Facebook allowed children to accumulate huge bills for digital games, according to newly issued court documents. Documents also show that the technology giant has rejected recommendations to deal with what he described as "friendly scams."
Documents that include internal business notes were published late Thursday as a result of legal action by the Investigation Center
Classroom lawsuit focused on allegations that Facebook deliberately pitted teenagers by allowing them to spend hundreds of dollars by buying additional game features like Angry Birds and Barn Buddy. POP STAR WILL.I.AM SLAMS FACEBOOK and GOOGLE Say Their Business Models Are Slim
Notes and other records show that "the company has been organizing perennial efforts to tear children, who play video games to spend their parents' money, according to Reveal
The documents reveal, for example, that a 1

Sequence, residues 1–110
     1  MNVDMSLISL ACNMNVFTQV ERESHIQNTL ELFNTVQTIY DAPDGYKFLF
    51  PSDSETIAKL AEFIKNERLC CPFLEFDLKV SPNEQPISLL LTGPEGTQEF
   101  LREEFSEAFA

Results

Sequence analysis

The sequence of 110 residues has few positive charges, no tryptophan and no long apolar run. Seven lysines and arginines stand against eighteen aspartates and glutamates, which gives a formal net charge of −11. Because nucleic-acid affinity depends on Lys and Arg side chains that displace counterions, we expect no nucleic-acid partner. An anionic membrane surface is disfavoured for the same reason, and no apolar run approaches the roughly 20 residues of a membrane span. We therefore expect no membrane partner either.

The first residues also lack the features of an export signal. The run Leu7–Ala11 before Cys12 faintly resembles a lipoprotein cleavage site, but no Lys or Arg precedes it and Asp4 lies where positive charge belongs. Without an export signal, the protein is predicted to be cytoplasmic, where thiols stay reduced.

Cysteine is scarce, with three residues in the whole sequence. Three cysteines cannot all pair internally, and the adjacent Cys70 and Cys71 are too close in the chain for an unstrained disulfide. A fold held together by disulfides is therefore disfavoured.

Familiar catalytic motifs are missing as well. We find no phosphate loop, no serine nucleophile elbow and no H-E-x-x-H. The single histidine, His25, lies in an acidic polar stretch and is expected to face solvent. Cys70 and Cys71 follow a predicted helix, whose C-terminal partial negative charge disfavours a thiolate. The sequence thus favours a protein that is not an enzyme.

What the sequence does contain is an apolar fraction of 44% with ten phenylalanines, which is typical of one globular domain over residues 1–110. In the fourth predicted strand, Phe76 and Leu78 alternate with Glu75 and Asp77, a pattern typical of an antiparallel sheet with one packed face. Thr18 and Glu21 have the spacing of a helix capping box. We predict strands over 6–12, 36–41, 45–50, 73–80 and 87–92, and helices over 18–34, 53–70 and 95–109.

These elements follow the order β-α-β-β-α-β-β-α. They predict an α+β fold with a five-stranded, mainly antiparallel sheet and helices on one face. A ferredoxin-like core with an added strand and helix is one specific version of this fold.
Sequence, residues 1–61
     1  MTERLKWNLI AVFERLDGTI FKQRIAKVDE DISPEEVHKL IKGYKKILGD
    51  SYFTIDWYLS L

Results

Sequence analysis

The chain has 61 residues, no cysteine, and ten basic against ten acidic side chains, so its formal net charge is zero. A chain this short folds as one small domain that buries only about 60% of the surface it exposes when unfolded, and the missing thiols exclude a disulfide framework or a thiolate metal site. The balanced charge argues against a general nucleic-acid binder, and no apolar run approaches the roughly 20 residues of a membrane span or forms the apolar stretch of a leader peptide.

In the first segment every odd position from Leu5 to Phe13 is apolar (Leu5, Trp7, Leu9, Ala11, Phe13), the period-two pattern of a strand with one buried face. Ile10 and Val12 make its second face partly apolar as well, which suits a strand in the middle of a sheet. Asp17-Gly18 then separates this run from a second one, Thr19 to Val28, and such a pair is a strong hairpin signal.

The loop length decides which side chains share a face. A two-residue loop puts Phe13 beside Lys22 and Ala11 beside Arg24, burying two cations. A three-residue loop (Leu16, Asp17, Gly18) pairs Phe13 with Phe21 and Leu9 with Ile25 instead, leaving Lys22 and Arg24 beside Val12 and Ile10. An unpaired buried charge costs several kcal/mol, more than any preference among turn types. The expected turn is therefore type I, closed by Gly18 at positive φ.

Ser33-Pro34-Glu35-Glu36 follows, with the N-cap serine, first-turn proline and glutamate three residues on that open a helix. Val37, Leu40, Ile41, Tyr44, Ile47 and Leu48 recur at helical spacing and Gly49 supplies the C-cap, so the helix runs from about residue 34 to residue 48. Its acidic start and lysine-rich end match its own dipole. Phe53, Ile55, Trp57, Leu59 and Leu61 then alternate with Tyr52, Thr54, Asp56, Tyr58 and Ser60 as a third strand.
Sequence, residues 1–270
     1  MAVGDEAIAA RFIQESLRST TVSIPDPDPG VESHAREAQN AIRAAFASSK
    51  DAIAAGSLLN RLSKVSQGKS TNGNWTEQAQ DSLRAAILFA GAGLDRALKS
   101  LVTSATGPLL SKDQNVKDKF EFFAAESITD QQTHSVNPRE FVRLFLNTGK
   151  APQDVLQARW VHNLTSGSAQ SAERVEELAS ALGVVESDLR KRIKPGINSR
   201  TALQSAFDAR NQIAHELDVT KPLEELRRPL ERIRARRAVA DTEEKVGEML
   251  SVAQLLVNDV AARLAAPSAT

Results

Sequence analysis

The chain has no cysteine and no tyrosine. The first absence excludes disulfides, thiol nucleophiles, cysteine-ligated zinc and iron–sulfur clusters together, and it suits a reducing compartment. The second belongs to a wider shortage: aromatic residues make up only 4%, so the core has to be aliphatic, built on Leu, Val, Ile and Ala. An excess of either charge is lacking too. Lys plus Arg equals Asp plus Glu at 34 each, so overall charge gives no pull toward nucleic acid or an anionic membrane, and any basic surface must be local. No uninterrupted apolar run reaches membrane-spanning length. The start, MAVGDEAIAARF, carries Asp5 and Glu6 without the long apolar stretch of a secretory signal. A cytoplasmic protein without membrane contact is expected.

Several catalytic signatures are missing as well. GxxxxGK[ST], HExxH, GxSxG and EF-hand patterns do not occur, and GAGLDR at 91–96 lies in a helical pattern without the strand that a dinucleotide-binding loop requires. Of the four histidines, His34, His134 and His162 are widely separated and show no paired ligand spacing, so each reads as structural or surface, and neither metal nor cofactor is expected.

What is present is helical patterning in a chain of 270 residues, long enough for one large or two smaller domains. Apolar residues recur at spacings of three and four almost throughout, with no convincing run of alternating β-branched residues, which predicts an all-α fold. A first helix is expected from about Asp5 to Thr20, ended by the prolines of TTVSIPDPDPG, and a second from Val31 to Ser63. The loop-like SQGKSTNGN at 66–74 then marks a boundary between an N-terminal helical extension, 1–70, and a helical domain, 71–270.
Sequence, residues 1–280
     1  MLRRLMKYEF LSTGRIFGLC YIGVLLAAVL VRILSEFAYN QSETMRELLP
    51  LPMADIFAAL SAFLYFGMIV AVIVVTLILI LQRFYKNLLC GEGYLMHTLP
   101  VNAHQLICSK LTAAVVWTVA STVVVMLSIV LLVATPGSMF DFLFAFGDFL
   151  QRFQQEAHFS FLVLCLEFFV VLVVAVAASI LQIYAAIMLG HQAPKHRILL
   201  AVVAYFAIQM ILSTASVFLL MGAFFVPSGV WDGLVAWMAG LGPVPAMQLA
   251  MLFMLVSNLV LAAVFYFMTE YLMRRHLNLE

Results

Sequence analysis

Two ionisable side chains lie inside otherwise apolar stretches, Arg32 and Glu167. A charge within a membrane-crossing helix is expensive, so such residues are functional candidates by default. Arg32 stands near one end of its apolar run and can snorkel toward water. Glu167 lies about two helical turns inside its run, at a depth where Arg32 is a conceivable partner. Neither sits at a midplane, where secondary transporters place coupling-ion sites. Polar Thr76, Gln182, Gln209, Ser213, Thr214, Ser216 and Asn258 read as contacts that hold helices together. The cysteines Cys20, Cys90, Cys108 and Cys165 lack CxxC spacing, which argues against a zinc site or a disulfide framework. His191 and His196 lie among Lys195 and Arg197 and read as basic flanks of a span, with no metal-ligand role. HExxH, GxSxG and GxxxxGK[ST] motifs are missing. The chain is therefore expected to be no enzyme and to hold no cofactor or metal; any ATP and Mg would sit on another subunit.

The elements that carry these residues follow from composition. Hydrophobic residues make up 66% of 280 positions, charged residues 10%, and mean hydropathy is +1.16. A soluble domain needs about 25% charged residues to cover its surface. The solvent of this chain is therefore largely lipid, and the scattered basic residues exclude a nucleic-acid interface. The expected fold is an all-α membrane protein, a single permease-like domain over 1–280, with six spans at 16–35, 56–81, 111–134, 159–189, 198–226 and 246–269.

According to the documents, the network has considered measures to reduce the chances of children to charge fees on parental credit cards However, Facebook has not adopted them for fear of undercutting, the record says. FACEBOOK ISSUES THE INTEGRATION OF MESSENGER, WHATSAPP, INSTAGRAM
That is why it is a challenge and why do not you block him? "
Facebook told Fox News that last year the Investigative Reporting Center contacted him and volunteered to print papers related to a 2012 case study for app purchases that parents believe that they were mistakenly made by their underage children.
"We have already released additional documents as directed by the court," a Facebook spokesman said in a statement sent to Fox News. "Facebook works with parents and experts to offer tools for families that navigate Facebook and the web. As part of this work, we regularly review our own practices and in 2016 we have agreed to update our terms and to provide special resources for refund requests related to purchases made.
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Facebook and its leadership are under intensive control at the moment, against the backdrop of continuing concern about the processing of consumer data by the technology giant.
Associated Press contributed to this article.
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